The second in a series of film portraits, both archive and catalyst, documenting artists from Ghana and its Diasporas.
Zohra Opoku’s installations, videos and performances magnify underlying geometries and patterns of the everyday. Like Ashanti and Ewe Kente weavers, and artists such as Atta Kwami before her, she creates coded meanings, juxtaposes layers and textures into a polyrhythmic symphony of form; similar to many Dada and Fluxus artists, she draws on ready materials, remodelling and reinvigorating them with new meaning.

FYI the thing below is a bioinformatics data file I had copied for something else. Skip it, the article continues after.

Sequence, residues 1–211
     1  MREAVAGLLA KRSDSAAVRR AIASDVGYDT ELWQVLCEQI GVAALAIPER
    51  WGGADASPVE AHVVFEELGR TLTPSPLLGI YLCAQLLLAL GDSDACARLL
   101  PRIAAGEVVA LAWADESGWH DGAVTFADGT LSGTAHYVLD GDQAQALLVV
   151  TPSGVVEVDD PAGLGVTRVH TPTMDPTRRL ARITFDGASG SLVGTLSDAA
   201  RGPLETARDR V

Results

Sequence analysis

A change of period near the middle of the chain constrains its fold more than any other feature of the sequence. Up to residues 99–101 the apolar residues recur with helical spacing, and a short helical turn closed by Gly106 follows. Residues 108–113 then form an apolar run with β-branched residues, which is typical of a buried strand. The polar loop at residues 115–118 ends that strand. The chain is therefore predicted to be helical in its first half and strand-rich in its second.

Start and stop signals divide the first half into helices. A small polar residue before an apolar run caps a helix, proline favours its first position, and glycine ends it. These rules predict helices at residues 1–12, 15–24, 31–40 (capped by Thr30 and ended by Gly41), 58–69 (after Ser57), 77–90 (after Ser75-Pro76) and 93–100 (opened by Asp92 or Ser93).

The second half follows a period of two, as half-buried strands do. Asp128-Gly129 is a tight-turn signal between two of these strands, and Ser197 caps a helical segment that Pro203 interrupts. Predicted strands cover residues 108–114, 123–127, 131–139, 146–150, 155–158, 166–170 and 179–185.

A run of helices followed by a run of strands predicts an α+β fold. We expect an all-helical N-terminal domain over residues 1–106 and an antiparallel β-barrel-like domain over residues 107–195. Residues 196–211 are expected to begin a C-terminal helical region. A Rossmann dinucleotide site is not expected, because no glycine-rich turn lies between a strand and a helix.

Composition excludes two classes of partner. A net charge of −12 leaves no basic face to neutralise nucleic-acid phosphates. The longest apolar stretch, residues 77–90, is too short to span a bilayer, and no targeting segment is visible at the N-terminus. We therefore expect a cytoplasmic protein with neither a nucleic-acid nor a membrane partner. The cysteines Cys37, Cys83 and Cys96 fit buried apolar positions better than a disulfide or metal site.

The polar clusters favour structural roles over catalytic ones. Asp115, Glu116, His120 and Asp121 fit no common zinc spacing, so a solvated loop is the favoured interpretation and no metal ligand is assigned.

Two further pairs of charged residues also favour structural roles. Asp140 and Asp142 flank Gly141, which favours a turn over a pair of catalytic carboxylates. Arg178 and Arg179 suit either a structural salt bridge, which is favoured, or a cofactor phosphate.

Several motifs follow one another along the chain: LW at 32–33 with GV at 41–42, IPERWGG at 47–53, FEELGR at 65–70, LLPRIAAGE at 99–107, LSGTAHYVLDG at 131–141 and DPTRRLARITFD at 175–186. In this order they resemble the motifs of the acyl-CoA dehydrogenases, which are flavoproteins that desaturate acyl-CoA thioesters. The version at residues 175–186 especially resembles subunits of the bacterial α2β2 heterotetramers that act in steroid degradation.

She takes on the notion of the non-separation of art and life through pieces like Ghetto House, playing on the idea that there is beauty even in the most downtrodden; through series that translate the tarpaulins of trucks and car covers into gallery or museum installations; by rediscovering the semantic nature of cloth in Ghanaian culture, in the sartorial clues left on a clothesline and in the quietly subversive act of amending an Agbada meant by tradition, shape and size for men into one for women. By tracing the ever-changing form of fabric and material, she captures this very fluidity for herself and for what art might be or do.